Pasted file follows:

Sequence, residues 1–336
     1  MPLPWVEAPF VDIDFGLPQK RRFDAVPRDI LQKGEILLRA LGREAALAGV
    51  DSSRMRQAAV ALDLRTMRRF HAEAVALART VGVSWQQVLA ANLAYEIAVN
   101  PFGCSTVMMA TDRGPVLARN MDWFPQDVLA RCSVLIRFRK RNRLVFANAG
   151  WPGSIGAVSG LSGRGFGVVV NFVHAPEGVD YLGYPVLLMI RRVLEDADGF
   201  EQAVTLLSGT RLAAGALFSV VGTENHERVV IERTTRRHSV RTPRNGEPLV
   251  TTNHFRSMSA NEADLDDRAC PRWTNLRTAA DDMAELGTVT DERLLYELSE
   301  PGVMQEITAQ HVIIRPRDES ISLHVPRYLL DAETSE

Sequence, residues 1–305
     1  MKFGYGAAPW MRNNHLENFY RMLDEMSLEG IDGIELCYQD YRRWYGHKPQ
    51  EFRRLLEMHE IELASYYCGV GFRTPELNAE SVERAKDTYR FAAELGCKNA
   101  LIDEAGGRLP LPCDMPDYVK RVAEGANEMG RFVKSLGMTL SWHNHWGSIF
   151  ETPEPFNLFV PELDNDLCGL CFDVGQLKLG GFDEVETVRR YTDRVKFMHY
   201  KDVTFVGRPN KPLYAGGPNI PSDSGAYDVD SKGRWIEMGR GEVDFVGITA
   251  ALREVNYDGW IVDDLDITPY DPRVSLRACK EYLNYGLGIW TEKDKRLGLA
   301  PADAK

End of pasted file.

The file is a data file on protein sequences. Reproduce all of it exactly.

Sequence, residues 1–336
     1  MPLPWVEAPF VDIDFGLPQK RRFDAVPRDI LQKGEILLRA LGREAALAGV
    51  DSSRMRQAAV ALDLRTMRRF HAEAVALART VGVSWQQVLA ANLAYEIAVN
   101  PFGCSTVMMA TDRGPVLARN MDWFPQDVLA RCSVLIRFRK RNRLVFANAG
   151  WPGSIGAVSG LSGRGFGVVV NFVHAPEGVD YLGYPVLLMI RRVLEDADGF
   201  EQAVTLLSGT RLAAGALFSV VGTENHERVV IERTTRRHSV RTPRNGEPLV
   251  TTNHFRSMSA NEADLDDRAC PRWTNLRTAA DDMAELGTVT DERLLYELSE
   301  PGVMQEITAQ HVIIRPRDES ISLHVPRYLL DAETSE

Sequence, residues 1–305
     1  MKFGYGAAPW MRNNHLENFY RMLDEMSLEG IDGIELCYQD YRRWYGHKPQ
    51  EFRRLLEMHE IELASYYCGV GFRTPELNAE SVERAKDTYR FAAELGCKNA
   101  LIDEAGGRLP LPCDMPDYVK RVAEGANEMG RFVKSLGMTL SWHNHWGSIF
   151  ETPEPFNLFV PELDNDLCGL CFDVGQLKLG GFDEVETVRR YTDRVKFMHY
   201  KDVTFVGRPN KPLYAGGPNI PSDSGAYDVD SKGRWIEMGR GEVDFVGITA
   251  ALREVNYDGW IVDDLDITPY DPRVSLRACK EYLNYGLGIW TEKDKRLGLA
   301  PADAK